And right around Puente de la Reina de Jaca the pilgrims got to noticing the profusion of rounded-off river rocks lying thick along both sides of the path. They got to stacking them up, one on the other, then more and more on more. And now there's a veritable forest of these "rock people" stretching out from the Way, along several patches of woods along the River Aragon. I saw them on Thursday, I think... The roaring river and woods, added to the rainfall that afternoon, made the scene seem quite weird and wonderful. I wish I'd taken a picture. But then again, I don't think a camera could capture it. You'll have to go and see for yourself!
Dozens of these little stone cairns are scattered along the Camino Aragones, like another kind of wildflower.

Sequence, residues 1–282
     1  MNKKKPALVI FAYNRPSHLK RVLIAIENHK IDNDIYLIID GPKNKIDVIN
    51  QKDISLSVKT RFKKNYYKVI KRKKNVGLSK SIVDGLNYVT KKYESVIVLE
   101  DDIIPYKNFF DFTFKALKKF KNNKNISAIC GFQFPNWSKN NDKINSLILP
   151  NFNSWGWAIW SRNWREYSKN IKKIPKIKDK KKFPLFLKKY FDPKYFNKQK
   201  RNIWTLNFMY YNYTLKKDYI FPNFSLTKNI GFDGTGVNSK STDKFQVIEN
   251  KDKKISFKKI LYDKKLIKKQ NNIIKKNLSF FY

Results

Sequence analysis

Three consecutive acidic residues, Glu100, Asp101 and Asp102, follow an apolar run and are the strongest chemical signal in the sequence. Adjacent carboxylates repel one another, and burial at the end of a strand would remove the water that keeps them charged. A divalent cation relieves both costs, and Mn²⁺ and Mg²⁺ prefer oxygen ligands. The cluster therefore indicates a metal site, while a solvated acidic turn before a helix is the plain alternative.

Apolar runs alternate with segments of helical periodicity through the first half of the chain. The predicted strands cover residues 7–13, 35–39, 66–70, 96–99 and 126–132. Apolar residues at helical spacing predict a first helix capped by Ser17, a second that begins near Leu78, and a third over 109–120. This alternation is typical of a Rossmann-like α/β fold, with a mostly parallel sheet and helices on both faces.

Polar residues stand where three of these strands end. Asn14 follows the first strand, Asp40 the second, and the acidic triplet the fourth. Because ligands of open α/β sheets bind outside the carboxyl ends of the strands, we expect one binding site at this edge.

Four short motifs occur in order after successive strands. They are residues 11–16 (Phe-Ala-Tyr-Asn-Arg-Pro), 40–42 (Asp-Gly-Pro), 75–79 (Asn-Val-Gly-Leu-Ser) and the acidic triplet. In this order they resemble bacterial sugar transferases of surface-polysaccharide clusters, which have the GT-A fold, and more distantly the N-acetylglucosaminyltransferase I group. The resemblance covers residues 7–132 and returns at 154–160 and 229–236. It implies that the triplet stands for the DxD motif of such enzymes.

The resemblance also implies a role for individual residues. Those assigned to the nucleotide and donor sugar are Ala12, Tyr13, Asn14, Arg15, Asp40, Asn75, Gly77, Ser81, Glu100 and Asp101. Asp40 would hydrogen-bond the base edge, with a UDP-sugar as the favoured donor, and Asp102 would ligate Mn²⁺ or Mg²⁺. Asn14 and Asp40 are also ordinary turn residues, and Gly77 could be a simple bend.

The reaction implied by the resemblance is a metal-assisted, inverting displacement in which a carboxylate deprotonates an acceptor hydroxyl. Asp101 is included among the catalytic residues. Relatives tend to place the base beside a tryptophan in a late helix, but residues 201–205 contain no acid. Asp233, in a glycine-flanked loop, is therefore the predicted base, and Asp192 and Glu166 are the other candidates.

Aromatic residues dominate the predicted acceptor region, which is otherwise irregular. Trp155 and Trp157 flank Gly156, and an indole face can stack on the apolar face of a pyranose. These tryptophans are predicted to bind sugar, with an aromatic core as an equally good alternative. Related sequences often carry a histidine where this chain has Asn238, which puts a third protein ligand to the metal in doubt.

With all those stones around it's only natural the people would build their homes out of them. The villages along the Way in Aragon are stone walls, pavements, and slate roofs...even the livestock fences are made of rocks (with a few of the classic bedspring gates.) One of the coolest is Ruesta. The town is well up a long climb, hidden in a defile, with two ancient towers you can see for a very long time before you hit the city limits. The closer you get, the more clear it becomes: the place is a ghost town, utterly deserted, home only to swallows and bees. (I'll include a picture. It's hard to take bad pictures in Aragon!)
Ruesta's one of several towns in the area deserted in the late 50's, when a new dam project cut off their road access. The place has been slowly falling back to earth since, but stones well-joined take their time coming down, and some of these walls have been standing since the 14th century!